‘Rent control to grow home ownership’ - investigation opens into London’s crisis

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Tom Copley told the housing committee every penny Londoners save on rent “is a penny that they could be putting towards a deposit”.

Young Londoners are “much more likely” to rent privately and would benefit the most from rent regulation, the capital’s deputy mayor for housing has said.

Tom Copley was speaking to the London Assembly’s housing committee today (June 6) as it began an investigation into young people’s access to home ownership in the capital.

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Fielding questions on several of the Sadiq Khan’s headline affordable homes schemes, such as his London Living Rent (LLR) initiative, Mr Copley spoke about the potential benefits of rent control for young people.

Mr Copley said “a lot more” needs to be done to increase homeownership in London, given less than 10% of those aged 16-24 currently own the place they live in, compared to a quarter in 1990.

Asked by committee chair and Conservative assembly member Shaun Bailey how rent control would help, Mr Copley said young Londoners are “much more likely” to rent privately. He said this means they will be particularly liable to benefit, saying, that for young Londoners, “every penny that they’re saving on their rent is a penny that they could be putting towards a deposit”.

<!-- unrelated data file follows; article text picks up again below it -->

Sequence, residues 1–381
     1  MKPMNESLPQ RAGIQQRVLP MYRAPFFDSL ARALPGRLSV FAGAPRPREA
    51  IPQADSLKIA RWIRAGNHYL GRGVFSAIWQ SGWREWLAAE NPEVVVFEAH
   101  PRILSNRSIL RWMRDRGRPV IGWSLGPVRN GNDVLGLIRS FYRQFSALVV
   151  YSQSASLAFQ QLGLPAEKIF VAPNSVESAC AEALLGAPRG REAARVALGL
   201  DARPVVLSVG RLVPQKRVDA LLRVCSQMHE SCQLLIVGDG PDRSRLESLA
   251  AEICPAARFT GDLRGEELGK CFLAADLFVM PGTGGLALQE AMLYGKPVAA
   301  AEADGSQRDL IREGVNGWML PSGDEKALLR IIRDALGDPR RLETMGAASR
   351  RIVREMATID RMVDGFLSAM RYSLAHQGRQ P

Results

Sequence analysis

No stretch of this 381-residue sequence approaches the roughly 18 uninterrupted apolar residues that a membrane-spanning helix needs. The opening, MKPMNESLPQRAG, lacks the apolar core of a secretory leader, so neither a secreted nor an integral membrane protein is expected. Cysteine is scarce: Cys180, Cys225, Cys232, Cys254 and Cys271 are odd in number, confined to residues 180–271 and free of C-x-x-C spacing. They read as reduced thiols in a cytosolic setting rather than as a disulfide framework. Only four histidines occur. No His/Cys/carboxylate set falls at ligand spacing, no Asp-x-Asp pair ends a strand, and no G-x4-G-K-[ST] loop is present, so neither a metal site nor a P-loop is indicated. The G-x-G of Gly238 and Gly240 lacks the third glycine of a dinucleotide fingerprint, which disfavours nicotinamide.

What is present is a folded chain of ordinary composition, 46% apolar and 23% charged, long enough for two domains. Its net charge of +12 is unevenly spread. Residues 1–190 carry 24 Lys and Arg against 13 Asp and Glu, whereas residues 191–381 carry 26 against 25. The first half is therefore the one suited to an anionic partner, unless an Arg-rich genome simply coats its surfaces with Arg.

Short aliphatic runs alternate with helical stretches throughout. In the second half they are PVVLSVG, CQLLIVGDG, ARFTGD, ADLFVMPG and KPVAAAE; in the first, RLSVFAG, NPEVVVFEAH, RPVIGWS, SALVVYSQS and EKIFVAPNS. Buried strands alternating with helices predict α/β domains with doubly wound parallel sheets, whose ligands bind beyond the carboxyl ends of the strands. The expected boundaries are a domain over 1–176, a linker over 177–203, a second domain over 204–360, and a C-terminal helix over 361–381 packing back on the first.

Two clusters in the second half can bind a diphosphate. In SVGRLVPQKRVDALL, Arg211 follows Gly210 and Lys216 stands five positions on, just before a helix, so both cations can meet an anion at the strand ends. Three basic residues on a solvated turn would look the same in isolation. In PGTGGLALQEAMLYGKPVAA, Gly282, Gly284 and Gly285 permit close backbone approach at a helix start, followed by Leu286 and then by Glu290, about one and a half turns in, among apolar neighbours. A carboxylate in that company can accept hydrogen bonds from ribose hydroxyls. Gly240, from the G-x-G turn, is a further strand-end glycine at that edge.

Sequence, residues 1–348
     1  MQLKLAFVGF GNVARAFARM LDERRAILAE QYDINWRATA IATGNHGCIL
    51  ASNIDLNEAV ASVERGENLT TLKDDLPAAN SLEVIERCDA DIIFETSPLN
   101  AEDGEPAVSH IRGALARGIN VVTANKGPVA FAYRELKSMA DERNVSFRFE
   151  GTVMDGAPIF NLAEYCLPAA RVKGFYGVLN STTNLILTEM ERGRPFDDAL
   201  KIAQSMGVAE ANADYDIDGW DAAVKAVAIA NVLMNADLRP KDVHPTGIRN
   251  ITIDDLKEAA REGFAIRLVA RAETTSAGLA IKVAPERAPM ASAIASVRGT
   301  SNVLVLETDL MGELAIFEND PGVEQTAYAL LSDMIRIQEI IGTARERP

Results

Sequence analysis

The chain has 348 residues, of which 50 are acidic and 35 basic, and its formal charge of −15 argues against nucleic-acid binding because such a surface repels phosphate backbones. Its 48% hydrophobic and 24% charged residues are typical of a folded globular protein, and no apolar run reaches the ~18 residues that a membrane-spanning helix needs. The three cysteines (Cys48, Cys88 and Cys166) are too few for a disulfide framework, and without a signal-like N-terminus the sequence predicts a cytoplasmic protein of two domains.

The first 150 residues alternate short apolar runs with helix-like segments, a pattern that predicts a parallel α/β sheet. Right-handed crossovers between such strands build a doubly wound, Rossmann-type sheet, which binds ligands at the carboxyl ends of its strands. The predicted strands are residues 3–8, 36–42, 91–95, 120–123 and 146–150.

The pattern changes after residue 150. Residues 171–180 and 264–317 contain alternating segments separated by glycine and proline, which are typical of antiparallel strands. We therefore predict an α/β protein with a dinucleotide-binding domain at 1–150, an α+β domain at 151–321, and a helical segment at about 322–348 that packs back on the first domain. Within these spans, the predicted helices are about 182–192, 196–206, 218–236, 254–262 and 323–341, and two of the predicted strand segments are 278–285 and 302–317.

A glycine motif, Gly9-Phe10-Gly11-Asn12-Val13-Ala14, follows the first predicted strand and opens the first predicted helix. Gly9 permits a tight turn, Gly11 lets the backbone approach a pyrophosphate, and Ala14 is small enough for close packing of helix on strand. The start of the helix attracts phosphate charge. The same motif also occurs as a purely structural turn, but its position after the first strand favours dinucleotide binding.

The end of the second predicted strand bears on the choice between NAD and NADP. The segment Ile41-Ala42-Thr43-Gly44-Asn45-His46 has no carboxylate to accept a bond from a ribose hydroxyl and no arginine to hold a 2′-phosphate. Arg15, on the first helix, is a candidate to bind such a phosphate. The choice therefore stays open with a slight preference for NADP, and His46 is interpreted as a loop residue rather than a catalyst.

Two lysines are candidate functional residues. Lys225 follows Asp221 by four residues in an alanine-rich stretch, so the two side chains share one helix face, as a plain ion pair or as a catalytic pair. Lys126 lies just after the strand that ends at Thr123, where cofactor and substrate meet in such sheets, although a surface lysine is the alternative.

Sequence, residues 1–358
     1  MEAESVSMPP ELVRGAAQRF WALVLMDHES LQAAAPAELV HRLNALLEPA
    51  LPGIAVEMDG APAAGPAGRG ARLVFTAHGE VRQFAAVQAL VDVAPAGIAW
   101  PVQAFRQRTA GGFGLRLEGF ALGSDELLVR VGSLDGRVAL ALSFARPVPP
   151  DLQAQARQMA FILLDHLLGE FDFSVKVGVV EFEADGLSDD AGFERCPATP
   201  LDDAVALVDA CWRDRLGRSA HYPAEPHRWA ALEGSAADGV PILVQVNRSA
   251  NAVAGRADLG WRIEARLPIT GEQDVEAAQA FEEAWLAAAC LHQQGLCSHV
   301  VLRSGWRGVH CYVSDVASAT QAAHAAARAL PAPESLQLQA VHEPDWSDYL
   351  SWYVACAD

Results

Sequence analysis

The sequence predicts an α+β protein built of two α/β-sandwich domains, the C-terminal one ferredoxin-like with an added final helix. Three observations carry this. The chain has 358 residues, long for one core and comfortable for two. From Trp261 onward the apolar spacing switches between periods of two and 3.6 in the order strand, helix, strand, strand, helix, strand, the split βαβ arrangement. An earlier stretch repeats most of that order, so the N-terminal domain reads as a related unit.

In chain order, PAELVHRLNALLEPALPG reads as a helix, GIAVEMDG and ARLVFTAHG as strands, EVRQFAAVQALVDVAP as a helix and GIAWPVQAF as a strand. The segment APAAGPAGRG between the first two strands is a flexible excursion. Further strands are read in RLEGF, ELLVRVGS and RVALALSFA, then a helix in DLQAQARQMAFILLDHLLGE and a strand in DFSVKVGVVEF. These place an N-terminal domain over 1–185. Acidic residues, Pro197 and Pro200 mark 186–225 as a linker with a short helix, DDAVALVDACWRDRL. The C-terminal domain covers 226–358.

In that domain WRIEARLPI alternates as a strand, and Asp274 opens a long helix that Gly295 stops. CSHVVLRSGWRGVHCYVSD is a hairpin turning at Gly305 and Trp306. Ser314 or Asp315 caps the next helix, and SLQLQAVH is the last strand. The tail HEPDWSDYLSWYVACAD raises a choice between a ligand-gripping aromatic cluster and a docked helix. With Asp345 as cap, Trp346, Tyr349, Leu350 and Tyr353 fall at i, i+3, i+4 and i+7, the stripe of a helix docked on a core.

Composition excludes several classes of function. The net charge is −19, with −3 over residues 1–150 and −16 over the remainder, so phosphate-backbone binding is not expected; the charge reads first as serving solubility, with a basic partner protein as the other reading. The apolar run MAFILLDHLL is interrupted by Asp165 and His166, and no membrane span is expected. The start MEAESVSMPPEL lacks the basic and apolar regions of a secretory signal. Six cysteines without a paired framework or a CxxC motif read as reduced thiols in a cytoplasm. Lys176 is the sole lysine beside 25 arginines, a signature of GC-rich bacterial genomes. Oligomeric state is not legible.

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On the potential risks associated with rent control, he said: “I don’t think that any policy is without risks. I think it’s about how you minimise and mitigate those risks. I think the key thing about what the mayor’s proposals for rent control are is this is not about lifting and implementing some system from another city or another country and plonking it on London and saying: ‘Here we go, let’s just go with it.’

“He’s developed his London model, with some key principles, and he will set up a London Rent Commission, which will include a whole range of experts and stakeholders, who would devise and implement a system that would work for London.”

He said any scheme would need to be designed to avoid a reduction in housebuilding in the build-to-rent sector.

‘The power is very much towards the landlord’

Recent data from Hamptons found the average monthly cost for a newly let property in the capital had reached a record £2,210 in April, the first time it had gone above £2,200.

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The London Renters Union (LRU) called on the government to implement a rent freeze following the publication of the research, saying otherwise renters are condemned to “the same insecurity we have known for the last 35 years”.

The group welcomed the long-overdue introduction of the Renters’ Reform Bill, which had its first reading in parliament in May and which aims to abolish Section 21 ‘no fault’ convictions. However, it said rent regulation is key to providing security for those in the private rental market.

Commenting on the renting crisis, Mr Copley told the committee: “The private rented sector in this country, and in London, is insecure and uncertain. We’ve seen this quite clearly very recently, with some of the very large rent increase demands that people have been facing, and of course because of the way the private rented sector in this country operates, the power is very much towards the landlord. That makes it very, very difficult for tenants to push back on any landlord rent increase demand.”

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